|April 1640||Sir Thomas Walsingham||John Clerke|
|November 1640||Sir Thomas Walsingham||Parliamentarian||Richard Lee||Parliamentarian|
|December 1648||Lee excluded in Pride's Purge – seat vacant|
|1653||Rochester was unrepresented in the Barebones Parliament|
|1654||John Parker||Rochester had only one seat in the First and |
Second Parliaments of the Protectorate
|January 1659||Peter Pett||Richard Hutchinson|
|May 1659||Sir Thomas Walsingham||One seat vacant|
|1660||Peter Pett||John Marsham|
|1661||Sir Francis Clerke||Sir William Batten|
|1667||Sir Richard Head|
|February 1679||Sir John Banks|
|August 1679||Francis Barrell|
|1681||Sir Francis Clerke|
|1689||Sir Roger Twisden|
|1690||Sir Joseph Williamson||Francis Clerke|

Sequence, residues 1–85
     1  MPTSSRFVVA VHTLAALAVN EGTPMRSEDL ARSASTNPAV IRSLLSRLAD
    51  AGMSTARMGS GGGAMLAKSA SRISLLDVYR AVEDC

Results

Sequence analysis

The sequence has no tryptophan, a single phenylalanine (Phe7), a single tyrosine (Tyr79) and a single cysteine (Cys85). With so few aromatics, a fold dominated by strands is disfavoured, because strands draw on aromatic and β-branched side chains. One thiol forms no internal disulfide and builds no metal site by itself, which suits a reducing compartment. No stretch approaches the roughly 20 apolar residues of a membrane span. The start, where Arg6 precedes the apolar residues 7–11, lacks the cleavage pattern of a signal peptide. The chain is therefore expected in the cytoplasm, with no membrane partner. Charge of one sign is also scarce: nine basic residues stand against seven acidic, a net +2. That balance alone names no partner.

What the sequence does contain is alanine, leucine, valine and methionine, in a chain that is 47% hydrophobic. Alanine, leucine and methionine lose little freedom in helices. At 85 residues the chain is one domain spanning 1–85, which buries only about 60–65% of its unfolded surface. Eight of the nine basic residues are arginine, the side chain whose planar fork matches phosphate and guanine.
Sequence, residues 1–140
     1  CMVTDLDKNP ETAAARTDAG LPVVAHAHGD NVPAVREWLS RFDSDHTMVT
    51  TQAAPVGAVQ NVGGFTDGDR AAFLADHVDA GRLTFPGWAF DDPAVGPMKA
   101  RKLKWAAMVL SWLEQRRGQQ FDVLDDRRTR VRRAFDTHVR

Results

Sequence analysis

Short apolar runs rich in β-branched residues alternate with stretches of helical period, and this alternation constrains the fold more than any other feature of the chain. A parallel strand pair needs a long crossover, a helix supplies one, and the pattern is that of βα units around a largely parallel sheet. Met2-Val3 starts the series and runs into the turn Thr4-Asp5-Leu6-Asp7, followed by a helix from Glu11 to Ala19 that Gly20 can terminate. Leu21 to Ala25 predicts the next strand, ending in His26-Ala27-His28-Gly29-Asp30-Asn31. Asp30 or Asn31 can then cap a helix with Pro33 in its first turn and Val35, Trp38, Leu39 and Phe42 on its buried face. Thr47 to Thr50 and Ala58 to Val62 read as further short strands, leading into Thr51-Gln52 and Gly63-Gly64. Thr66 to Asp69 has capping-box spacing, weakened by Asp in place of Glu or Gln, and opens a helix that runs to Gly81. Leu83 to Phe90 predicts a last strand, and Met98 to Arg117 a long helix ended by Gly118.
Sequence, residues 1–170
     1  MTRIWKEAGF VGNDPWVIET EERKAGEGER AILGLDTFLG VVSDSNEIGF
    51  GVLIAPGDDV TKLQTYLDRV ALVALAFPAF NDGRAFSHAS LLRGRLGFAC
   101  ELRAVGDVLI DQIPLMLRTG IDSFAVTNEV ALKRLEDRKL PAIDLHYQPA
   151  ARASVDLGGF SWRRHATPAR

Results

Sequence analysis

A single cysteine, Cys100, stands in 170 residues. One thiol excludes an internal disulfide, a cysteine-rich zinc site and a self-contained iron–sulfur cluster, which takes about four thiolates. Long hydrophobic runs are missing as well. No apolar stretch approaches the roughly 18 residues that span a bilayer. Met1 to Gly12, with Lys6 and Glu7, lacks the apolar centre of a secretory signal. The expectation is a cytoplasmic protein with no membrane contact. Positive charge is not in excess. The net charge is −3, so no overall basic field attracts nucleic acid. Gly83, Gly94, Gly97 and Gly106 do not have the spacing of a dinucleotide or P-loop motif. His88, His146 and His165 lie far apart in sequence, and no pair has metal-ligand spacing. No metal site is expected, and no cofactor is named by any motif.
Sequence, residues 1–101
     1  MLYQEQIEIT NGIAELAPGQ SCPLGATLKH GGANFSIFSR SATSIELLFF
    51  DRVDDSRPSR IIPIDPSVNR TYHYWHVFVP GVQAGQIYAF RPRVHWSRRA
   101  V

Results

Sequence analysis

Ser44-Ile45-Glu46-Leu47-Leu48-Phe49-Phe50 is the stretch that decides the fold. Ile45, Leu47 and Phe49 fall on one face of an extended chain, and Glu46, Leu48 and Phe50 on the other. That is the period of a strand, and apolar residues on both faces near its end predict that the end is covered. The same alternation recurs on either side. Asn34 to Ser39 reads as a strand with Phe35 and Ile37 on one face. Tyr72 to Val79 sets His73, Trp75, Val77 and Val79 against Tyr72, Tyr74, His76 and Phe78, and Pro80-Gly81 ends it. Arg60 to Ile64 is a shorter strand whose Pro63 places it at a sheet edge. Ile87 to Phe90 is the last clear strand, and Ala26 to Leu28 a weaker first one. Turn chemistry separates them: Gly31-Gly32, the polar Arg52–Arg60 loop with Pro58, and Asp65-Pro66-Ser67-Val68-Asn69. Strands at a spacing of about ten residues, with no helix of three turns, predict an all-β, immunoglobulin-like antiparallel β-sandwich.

|1695||Admiral Sir Cloudesley Shovell|
|1701||Francis Barrell||William Bokenham|
|1702||Edward Knatchbull||William Cage|
|1705||Admiral Sir Cloudesley Shovell||Admiral Sir Stafford Fairborne|
|1708||Admiral Sir John Leake|
|1715||Sir Thomas Palmer, Bt||Admiral Sir John Jennings|
|1724||Sir Thomas Colby|
|1734||Admiral Nicholas Haddock|
|1741||Admiral Edward Vernon|
|1746||Admiral Sir Chaloner Ogle|
|1751||Admiral The Hon. John Byng|
|1757||Admiral Isaac Townsend|
|1764||Admiral Sir Charles Hardy|
|1768||John Calcraft||Whig||William Gordon||Tory|
|1771||Admiral Thomas Pye||Tory|
|1784||Captain Sir Charles Middleton||Whig||Nathaniel Smith||Whig|
|1790||George Best||Tory||Admiral Sir Richard Bickerton||Tory|
|1794||Admiral Sir Richard King||Tory|
|1796||Hon. Henry Tufton||Whig|
|1802||Captain Sir Sidney Smith||Tory||James Hulkes||Whig|
|1806||John Calcraft||Whig||James Barnett||Whig|
|1807||Sir Thomas Thompson||Tory|
|1826||Captain Henry Dundas||Tory|